McRat Active Member

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    #8 McRat, Nov 21, 2016
    Last edited: Nov 21, 2016
    With EV pricing being the greatest obstacle to adoption (an EV that is cheaper than ICE cars, but performs the same tasks), and the Chinese government's desire to lead the world in the tech market, the next Toyota in the world could be a Chinese company in 5 years.

    Compelling cars have a market, but the real money is in boring cars, trucks, and SUV's with solid technology and low pricing.
    There WILL be a Camry clone that is EV at the same price point in the future. Will it be from China, who is looking towards territorial expansion, or the capitalist countries who have no current intention to become aggressively imperialist.

    Although the best hope for the long term future might in fact be the Chinese taking over the world.

    When you think about it, China should probably put in an offer to buy California, minus the 1/2 that is Federally owned. We want the government to tell us how many kids, cars, and political beliefs to hold, so it would be an easy transition after they put the intellectuals in prison.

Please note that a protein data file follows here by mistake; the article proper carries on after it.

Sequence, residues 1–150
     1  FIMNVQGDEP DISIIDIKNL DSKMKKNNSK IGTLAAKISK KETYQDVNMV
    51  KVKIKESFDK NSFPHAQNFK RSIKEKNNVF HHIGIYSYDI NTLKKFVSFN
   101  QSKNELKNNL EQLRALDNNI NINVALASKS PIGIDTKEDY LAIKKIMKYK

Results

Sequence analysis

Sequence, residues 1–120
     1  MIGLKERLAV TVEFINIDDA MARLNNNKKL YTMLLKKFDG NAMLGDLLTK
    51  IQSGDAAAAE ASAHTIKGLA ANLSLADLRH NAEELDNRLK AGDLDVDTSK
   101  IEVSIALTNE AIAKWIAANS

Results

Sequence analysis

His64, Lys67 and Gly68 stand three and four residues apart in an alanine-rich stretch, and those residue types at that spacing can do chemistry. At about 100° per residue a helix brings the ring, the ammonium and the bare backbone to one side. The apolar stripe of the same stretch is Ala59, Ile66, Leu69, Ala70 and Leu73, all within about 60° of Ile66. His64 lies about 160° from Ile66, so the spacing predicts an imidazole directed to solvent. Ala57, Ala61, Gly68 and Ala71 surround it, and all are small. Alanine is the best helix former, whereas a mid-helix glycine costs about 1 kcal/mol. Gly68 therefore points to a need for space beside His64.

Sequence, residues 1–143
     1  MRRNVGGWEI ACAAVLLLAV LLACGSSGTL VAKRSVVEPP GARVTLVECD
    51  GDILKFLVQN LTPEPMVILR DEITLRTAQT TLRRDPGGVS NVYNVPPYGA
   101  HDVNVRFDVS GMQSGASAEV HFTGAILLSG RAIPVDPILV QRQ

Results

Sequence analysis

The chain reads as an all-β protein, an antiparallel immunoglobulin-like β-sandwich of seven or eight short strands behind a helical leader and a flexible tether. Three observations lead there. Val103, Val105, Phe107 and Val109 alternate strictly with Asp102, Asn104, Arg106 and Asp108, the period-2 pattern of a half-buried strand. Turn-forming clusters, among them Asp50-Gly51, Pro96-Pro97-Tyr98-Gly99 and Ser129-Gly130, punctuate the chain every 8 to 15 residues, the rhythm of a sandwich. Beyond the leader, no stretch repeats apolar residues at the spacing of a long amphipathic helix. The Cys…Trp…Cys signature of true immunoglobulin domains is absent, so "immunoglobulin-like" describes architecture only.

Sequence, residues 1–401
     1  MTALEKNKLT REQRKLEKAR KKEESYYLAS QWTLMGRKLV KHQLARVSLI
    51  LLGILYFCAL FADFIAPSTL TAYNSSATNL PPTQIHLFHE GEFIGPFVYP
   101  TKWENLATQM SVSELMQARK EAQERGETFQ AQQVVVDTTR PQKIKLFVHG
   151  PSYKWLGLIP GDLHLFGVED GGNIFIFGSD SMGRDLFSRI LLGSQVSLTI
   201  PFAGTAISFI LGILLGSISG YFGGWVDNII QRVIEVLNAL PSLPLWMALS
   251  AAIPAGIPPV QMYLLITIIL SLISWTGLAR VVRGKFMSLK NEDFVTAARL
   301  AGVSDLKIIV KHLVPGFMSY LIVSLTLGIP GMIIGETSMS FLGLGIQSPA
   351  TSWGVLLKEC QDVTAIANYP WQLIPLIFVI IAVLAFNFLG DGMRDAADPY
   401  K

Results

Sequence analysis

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  9. McRat

    McRat Active Member

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    Fat chance, when they buckle you, they ask "Can you still breathe?" if you answer yes, they tighten it some more. :D
     
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  10. voyager

    voyager Member

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    #10 voyager, Nov 21, 2016
    Last edited: Nov 21, 2016
    I guess that this one is meant as a halo showpiece.